There are many different types of traders in the financial markets. They trade different markets and on different time frames. Here is a list of types of traders on different time frames.
Day traders: Day traders open and close their trades inside regular market hours. Day traders avoid the risk of overnight gaps but can only profit from intraday price moves. They close their positions by the end of the trading day and go out flat. For stock day traders this means their trades are opened after 9:30 a.m. EST time and close before 4:00 p.m. EST time. For other types of day traders this generally means they open and close trades in one sitting at their trading desk.
Scalping traders: Scalpers profit by quickly buying and selling throughout the trading day targeting micro profits in seconds or mintues. Scalpers edge comes from their speed of execution and getting in and out of trades as fast as possible with a profit. They trade on the smallest time frames on Level 2 quotes are inside the bid/ask spread for market makers.
Swing traders: Swing traders try to capture short-term and medium-term moves in a chart over days or weeks. Swing traders do best in range bound markets trading the moves in price from lows to highs and markets with sustained moves in one direction for multiple days in a row.
Position traders: Position traders hold for a long time period looking for the market prices to eventually move in their favor based on their thesis about a chart or market. The average time frame position traders hold trades for is months to over a year. Position traders are not very active in trading, they tend to make a few large bets on a few of their best ideas. They tend to have some of the biggest winners of any traders.
Breakout traders: Breakout traders buy when a price makes a new high in the time period being tracked. Breakout traders favorite trade is usually a break out to a new high in price out of a long price base inside a trading range. Most chart pattern signals are simply breakout signals over previous trendlines. Break out traders generally buy high and sell higher.
Reversal traders: Reversal trading is entering a position during a trend change on a chart. Buying a reversal consists of waiting for a clear change in a current price direction where it appears to be now going in the opposition position from the previous high or low. Buying a dip in a down trend that appears to have put in a low for price and selling short after a chart rips higher in price but seems to have put in a high price is trading a reversal.
Momentum traders: Momentum traders buy charts that are going up in price and sell them after they seem to peak, they also sell short a stock that is falling fast and buy to cover when it seems to have made a low. They buy strength and sell weakness. Momentum traders use volatility for buying and selling short opportunities in brief up moves and down moves then exit as momentum fades. Their buy list is the strongest charts and their sell short list is the weakest charts.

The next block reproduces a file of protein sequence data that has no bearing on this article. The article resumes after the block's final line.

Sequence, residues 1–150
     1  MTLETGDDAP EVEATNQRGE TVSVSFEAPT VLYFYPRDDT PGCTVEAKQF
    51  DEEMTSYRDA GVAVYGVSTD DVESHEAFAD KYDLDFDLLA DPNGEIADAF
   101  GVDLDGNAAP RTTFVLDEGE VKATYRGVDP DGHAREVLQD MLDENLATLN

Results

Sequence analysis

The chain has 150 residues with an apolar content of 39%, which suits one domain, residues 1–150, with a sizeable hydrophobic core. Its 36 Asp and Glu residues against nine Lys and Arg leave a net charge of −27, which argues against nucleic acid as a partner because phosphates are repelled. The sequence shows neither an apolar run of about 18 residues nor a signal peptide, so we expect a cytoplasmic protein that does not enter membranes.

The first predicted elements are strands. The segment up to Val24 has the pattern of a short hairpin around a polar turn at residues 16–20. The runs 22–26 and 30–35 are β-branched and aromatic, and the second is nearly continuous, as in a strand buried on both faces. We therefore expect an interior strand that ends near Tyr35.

Trend followers: Trend followers don’t predict future market direction. Trend followers use quantified trading systems with an edge to create big wins and small losses by being on the right side of a sustained long-term trend. They buy high and sell higher and also will sell short to buy back lower. They research quantified ways to stay long in bubbles and stay short in crashes by letting winners run and cutting losers short. They use reactive technical analysis not opinions, predictions, or fundamentals.
Trend traders: Trend traders attempt to trade in the direction of the current trend. In bull markets they look for long positions and in bear markets they look for short positions.
Options traders: Option traders express their trades in endless ways by using long and short call and put option contracts. They can buy or sell option premium, bet on market volatility, create hedges for their positions, and leverage their bets with defined risk. Option traders must be right about the time frame and magnitude of move to profit.
Futures traders: Futures traders have their own auction market where they can buy and sell futures contracts for delivery on a future date for commodities, stock indexes, and currencies (Some futures are also cash settled). Futures are derivatives contracts that lock in prices for delivery in the future and are used by speculators to profit from price action. Futures provide leverage and hedges for traders.
Algorithmic traders: Algorithmic traders use quantified rules based trading systems for executing entries, exits, and position sizing to create a profitable edge based on repeating patterns in markets and speed of execution.
Macro traders: Macro traders try to profit by trading based on the patterns in global economic data such as growth, unemployment, inflation, interest rate trends, trades and payment balances between nations, changes in world politics, government and central bank policies, financial relationships between nations, and large global financial systemic factors.
Forex traders: Forex traders buy and sell currencies in the global foreign exchange market. A forex trader sells one currency and buys another with each currency pair trade. They profit if the currency they bought moves up against the currency they sold. A currency pair is a price quote of the exchange rate for two different national currencies traded in the forex markets. When the order is entered for a currency pair, the first listed currency (base currency) is purchased while the second listed currency in the currency pair (quote currency) is sold.